A COLUMNIST AT DAILY TELEGRAPH sticking up for Priti Patel at the Home Office hardly counts as surprising.
“I’m on Priti Patel’s side in the deportation row – because she’s on our side” was the headline on Allison Pearson’s article this week. Her column began, “Seventeen rapists, killers and drug dealers were deported in the small hours of yesterday morning.” The article sits behind a paywall, where it can stay as far as I’m concerned.
Why? Because that’s just one way of looking at the latest post-Windrush disgrace dished up by the government. Another might be to say that 15 black Britons who served time in prison for crimes they committed have been expelled to countries with which they have little, if any, connection.
Another way might be to wonder at the double standards that apply to black people in these circumstances. Rarely do you read of white people who’ve served prison sentences being ‘sent back’ to the USA or Australia or even Canada (although royal ‘offenders’ do sometimes take refuge in that last location).
Yet black people who have offended and served their time are being deported so that the government can look tough.
The new Chancellor of the Exchequer, Rishi Sunak, told Sky News that all due process had been followed. Tellingly, he then said: “We have an established process for ensuring that where we have foreign nationals who have committed crimes here they should be, where possible, deported.”
The key here is the use of the phrase “foreign nationals”, which makes it sound as if these are foreign criminals being sent back to where they recently came from. Instead they are, in the main, British citizens who committed crimes and were punished. To then expel them suggests black people deserve a higher form of punishment than white people.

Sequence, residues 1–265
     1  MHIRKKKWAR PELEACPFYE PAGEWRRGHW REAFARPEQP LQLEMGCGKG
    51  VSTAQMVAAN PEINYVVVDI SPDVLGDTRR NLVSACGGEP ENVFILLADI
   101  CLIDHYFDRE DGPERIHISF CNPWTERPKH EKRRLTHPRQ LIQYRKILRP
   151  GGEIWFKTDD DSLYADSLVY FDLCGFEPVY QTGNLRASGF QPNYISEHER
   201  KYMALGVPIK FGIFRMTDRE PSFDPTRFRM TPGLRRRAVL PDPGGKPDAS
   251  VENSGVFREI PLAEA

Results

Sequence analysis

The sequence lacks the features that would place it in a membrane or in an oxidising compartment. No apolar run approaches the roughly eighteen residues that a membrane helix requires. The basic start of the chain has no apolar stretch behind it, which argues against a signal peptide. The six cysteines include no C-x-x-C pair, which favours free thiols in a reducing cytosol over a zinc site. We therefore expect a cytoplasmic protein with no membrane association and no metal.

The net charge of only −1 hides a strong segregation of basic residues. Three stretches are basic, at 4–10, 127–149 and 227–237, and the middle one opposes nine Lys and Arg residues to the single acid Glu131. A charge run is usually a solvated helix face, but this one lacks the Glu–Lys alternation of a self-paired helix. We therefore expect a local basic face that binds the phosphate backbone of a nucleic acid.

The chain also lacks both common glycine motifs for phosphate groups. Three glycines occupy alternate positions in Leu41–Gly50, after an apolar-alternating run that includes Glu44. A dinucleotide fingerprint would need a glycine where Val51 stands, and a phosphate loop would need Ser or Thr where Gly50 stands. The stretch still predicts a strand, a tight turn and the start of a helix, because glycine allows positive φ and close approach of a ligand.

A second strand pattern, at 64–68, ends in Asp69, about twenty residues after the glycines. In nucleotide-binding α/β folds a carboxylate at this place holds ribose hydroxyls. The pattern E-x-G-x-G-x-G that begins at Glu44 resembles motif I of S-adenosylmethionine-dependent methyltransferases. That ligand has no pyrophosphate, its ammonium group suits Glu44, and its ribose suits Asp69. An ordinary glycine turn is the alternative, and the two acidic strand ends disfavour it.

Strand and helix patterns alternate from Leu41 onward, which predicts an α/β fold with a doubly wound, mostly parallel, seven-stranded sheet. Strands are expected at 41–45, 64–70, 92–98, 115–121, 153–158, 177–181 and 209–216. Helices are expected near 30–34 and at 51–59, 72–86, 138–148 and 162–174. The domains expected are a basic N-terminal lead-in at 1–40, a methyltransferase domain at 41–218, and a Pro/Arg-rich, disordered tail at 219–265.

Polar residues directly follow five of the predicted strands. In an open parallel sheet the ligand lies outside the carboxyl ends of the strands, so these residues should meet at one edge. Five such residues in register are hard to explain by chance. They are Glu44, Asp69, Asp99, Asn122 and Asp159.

Michael McDonald, one of those waiting to be deported, wrote a short article for the more sympathetic Guardian under the heading: “I served my time in prison. So why am I being deported?”
McDonald added: “I’ve lived in Britain 20 years, raised children here and paid my taxes. In Jamaica I really will be a ‘foreigner’.”
His sentence was for drug dealing. Boris Johnson, that second-rate Churchill karaoke act with his shouting and arm waving, has admitted to having used cocaine when young. In other words, he was complicit in the sort of crimes committed by drug dealers. But he’s an old Etonian posh boy, so it doesn’t matter. . .
McDonald’s sentence has also been effectively imposed on his family: his kids keeping asking him on the phone, “Daddy, when are you coming home?”
That ‘home’ is in Nottingham. “But when the government talks about sending me ‘back’,” wrote McDonald, “they mean a place that’s completely foreign to me – Jamaica.
“I have no family in Jamaica; my parents, siblings, aunts and uncles all live in the UK and have British citizenship.”
That is a cruel way for a country to behave and I feel only shame.
The thought of Allison Pearson behind her paywall summons up a walled garden where the roses have more thorns than petals, as she walks about muttering that the Home Secretary is “on our side”.
Which side is that? Pearson sometimes harps on about her Christianity, but none of this sounds remotely Christian; but what does an old agnostic like me know about anything?
I don’t want to be on Allison’s side or on Priti’s side. All I want is to be on the side of humanity. Deporting Michael McDonald achieves nothing as he has been punished already. All it does it unnecessarily punish people who love and need him, in the name of looking tough.
And should Priti Patel ever slip up and be threatened with expulsion to Uganda, from whence her Ugandan-Indian parents arrived in 1972, I would stick up for her right to remain here, too.
Yes, Priti Patel herself was born in London. But she seems strangely obsessed with punishing immigrants and their children whose lives turned out less well.